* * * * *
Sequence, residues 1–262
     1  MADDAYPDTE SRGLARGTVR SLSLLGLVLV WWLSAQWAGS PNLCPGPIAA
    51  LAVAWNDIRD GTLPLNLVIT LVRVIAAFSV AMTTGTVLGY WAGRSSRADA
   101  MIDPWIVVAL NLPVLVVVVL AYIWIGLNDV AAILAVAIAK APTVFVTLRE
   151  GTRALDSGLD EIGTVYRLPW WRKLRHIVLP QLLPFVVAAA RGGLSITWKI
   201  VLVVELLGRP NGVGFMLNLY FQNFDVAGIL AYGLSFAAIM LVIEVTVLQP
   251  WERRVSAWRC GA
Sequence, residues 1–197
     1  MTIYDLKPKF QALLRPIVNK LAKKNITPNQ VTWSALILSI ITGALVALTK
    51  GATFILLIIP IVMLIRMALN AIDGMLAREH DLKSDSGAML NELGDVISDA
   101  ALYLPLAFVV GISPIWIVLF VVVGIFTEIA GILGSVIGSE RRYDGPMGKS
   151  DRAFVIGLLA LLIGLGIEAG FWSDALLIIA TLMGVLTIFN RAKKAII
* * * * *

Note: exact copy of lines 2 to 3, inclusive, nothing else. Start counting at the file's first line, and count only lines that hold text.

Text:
     1  MADDAYPDTE SRGLARGTVR SLSLLGLVLV WWLSAQWAGS PNLCPGPIAA
    51  LAVAWNDIRD GTLPLNLVIT LVRVIAAFSV AMTTGTVLGY WAGRSSRADA